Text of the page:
4. Ghosts are mysterious, spending enormous amounts of thought and energy hinting about what they want to say rather than just saying it.

This ignores poltergeists, which are thought to emanate from troubled living persons (and oh did that movie not age well ... and parents smoking pot in the home got a PG rating, how things change). I’m also not impressed with these ghost hunter shows where a bunch of doofuses run around with random gizmos pretending to panic at every creaking board in an old house. If ghosts exist, they need to follow natural laws. That means a lot of ghost story tropes can’t work. My favorite is the eerie voice that no one can hear in real life, but people can hear on a recording played back. Can’t happen. Noise is vibrations in the air…if a recording device picks it up, so can the people recording it, unless they’re deaf.  Besides, why would ghosts even do this? A ghost talking to me in real life is spooky enough … they’re not going to impress me more by making me work listening to it on some old tape machine (naturally requiring me to listen and rewind, listen and rewind with an ever-increasing expression of concern on my face).

The non-poltergeist phenomena appear to be divided among phantasms and actual ghosts.  Phantasms are more like recordings than they are consciousness. An event is played out like a movie but doesn’t interact with the viewers and has no actual awareness. Actually, this version of apparition makes a bit more sense (and keep in mind I’m talking relatively here), as we could theorize that an emotional event (like a homicide or suicide) could leave some kind of after-image on the surrounding matter. Add in a battery-like energy source, such as susceptible warm humans walking nearby and voila, you have your specter. Presumably, the right physical space could hold onto small amounts of consciousness required to play the “film” which is activated by the energy the viewers themselves bring (absorption of that energy creating the commonly reported feeling of cold experienced in the presence of an apparition). I have a sense some elements of this might even be testable, believe it or not, through comparisons of matched sites where people died tragically versus naturally. 

Ghosts themselves, actual intact blobs of consciousness that stay rooted to a spot or visit relatives’ homes after death are more difficult to conceive of in practical terms. These would seem to need to violate even the whimsical natural laws we’d assume were in place for soul-stuff. What would allow an identity to remain intact and present in a particular space, despite being separated from the physical apparatus of neurons required to capture it in the first place? And why are they always so coy, particularly with mediums? They’re always like, “Tell Susan, M. is here, and I was an important man in her life,” instead of “Hey, this Susan’s dad. Can you let her know she’s forgotten to feed my fish for the last week?”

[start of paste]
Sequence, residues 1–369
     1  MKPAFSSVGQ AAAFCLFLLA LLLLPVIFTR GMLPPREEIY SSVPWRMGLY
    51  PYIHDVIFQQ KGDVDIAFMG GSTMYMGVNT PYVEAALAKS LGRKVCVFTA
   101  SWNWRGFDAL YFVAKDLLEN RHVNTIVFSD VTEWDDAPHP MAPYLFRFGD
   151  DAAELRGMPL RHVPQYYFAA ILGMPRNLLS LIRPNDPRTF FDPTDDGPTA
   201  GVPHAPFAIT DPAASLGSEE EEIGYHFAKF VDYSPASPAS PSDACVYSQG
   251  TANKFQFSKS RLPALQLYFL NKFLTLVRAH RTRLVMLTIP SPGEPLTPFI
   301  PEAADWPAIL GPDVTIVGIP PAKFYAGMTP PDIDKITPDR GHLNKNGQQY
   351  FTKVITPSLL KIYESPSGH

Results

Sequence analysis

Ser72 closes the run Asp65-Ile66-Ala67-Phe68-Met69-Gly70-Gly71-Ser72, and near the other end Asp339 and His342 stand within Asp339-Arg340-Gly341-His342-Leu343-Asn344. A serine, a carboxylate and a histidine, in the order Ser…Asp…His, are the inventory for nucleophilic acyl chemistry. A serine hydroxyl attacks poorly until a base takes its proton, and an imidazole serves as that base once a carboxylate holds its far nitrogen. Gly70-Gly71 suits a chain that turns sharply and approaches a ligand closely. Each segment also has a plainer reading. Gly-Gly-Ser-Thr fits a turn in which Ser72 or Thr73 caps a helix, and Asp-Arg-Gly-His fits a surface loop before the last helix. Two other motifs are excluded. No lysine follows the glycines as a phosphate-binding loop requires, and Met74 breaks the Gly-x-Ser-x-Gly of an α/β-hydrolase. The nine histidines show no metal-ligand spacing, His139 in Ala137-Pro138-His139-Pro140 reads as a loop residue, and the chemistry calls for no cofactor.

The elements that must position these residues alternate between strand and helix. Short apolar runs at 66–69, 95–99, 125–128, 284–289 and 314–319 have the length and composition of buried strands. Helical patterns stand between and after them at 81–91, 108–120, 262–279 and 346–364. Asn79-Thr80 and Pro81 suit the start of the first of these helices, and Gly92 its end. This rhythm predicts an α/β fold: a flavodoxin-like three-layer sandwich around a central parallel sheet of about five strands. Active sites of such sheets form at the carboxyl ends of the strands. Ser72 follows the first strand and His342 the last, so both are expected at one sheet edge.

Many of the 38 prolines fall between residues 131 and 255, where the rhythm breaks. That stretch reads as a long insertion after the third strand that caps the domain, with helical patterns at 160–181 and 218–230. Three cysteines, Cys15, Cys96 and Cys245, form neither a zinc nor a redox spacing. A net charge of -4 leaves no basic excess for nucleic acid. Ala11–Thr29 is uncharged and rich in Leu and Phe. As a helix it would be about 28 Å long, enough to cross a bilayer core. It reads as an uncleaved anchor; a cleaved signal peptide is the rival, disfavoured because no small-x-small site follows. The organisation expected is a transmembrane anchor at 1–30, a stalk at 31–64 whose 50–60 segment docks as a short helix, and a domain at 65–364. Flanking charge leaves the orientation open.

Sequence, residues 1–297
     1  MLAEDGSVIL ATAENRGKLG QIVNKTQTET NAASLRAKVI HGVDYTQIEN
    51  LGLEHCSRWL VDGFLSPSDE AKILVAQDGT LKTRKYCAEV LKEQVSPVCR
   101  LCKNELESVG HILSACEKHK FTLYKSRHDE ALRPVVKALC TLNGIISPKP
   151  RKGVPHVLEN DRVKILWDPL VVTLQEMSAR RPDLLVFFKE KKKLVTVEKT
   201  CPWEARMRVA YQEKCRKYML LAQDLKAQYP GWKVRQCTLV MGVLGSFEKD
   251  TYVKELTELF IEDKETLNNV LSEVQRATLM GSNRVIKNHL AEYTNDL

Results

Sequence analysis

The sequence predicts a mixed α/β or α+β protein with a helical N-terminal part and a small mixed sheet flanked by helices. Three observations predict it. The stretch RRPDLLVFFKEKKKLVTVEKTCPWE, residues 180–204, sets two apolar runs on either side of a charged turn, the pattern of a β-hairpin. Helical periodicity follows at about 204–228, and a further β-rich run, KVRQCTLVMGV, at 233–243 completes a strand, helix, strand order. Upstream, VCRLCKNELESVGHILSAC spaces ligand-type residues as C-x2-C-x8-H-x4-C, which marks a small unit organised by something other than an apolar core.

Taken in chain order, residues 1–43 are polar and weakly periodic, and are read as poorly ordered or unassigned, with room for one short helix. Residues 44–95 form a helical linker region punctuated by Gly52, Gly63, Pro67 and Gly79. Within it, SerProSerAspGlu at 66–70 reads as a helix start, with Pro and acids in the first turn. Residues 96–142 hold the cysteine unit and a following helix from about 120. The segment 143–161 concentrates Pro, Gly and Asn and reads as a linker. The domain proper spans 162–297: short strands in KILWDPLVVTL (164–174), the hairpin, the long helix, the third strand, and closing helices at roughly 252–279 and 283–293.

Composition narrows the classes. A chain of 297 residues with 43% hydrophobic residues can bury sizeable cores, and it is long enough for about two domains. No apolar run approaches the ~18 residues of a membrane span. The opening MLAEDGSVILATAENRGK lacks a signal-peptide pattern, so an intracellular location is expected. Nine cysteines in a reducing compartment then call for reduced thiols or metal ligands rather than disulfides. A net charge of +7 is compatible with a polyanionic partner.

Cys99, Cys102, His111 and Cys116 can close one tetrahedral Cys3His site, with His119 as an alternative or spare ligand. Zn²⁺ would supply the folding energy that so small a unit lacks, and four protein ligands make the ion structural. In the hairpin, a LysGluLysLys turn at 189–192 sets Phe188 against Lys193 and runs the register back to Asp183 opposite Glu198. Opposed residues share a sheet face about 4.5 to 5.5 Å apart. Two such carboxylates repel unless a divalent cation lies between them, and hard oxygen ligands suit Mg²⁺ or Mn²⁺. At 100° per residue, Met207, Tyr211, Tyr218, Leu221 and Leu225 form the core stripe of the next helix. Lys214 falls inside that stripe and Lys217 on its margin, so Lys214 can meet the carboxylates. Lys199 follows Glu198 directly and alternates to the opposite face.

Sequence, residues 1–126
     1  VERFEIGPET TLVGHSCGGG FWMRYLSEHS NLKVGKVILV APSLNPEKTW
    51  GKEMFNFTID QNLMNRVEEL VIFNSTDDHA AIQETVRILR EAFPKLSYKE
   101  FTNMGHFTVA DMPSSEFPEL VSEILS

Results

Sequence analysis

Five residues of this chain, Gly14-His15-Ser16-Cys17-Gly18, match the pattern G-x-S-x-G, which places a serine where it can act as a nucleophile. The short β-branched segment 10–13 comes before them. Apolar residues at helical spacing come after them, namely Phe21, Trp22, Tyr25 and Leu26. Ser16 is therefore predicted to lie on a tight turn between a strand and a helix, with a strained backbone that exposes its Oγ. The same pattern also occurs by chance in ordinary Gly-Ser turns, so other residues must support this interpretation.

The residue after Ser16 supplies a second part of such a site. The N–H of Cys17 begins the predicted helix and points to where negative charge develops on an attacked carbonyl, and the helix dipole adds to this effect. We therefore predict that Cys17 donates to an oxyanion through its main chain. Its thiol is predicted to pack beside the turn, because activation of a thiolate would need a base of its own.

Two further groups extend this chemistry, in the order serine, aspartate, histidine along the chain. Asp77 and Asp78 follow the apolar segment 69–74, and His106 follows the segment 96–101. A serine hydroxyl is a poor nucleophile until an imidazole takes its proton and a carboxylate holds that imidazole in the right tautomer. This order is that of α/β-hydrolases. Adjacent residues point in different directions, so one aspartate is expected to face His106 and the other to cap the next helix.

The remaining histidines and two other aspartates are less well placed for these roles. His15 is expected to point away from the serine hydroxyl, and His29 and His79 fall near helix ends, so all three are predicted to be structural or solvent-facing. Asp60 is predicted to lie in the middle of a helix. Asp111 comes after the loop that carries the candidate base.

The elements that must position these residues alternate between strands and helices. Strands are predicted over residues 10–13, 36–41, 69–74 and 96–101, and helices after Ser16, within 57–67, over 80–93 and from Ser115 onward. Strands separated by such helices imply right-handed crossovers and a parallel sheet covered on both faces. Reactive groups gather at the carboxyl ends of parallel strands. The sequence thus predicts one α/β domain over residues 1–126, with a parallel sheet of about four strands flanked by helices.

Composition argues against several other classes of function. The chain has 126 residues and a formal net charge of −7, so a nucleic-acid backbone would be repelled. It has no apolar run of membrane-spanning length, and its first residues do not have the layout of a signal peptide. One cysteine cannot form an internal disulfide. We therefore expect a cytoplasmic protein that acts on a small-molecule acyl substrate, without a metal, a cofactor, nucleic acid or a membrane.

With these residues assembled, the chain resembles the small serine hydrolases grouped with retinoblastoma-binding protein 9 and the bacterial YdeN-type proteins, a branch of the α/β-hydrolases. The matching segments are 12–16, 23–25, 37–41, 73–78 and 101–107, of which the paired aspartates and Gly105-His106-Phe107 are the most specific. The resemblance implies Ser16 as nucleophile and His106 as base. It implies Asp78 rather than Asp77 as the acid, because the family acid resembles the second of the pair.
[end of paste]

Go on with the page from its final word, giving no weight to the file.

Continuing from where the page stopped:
Alright so maybe souls are incentivized to stick it out because something really bad happened.  Why spend decades ratting pipes, hovering over people’s beds and chasing them through the halls rather than leaving a polite note in ectoplasm or whatever?  Maybe, “Dear New Occupant: I’m buried in the basement. Might want to alert someone. Cheers, Cliff.”

Indeed, I can come up with a theory of souls, fanciful as it may be, and even phantasms. But even if it’s possible for certain spaces to kind of roughly capture soul-stuff, the kind of energy drain that would be required to hold onto a soul semi-permanently for a haunting seems difficult to comprehend. I’m not saying nuclear power plant level, sure, but given the crappy physical structure of a house compared to a brain, presumably, the energy input would need to be considerable. So too it’s difficult to imagine how my dad could catch the 5:15 from Heaven to Orlando in order to pop in for a chat.  Most such experiences with deceased loved ones appear to be related to intense feelings of grief, so more plausible theories of such phenomenon aren’t difficult to imagine. 

Ultimately, the best I can imagine is that hauntings would need a physical space that is compact and benefits from some kind of continual background energy source to “save” the ghost, like on a hard drive. As with phantasms, perhaps the presence of live humans provides an additional energy boost to allow for a manifestation. Something like a tragic death could provide an initial burst of energy to get the ball rolling, as it were.  In that sense, perhaps the one thing those ghost hunters may be onto is that temperature readings might be one empirical way to tests some hypotheses related to ghosts. Yet to say all this is speculative nonsense, is to do a disservice to speculative nonsense everywhere. 

Still, wouldn’t it be so cool if there actually were ghosts? If we could agree on something like a coherent theory of ghosts we might actually be able to empirically test at very least specific assumptions about how they might exist. If you’ve got better ideas than mine (and you might, or otherwise you might just be nuts) feel free to leave them in the comments (and yes, I know I’m inviting all kinds of chaos). In the meantime, let’s take off our tinfoil hats and rejoin the sane world. Maybe Halloween won’t bring us ghosts but at least it will bring us candy!

If you liked this post, be sure to check out my forthcoming book, How Madness Shaped History. No ghosts, I’m afraid, but plenty of mayhem and a few surprises related to the upcoming U.S. election.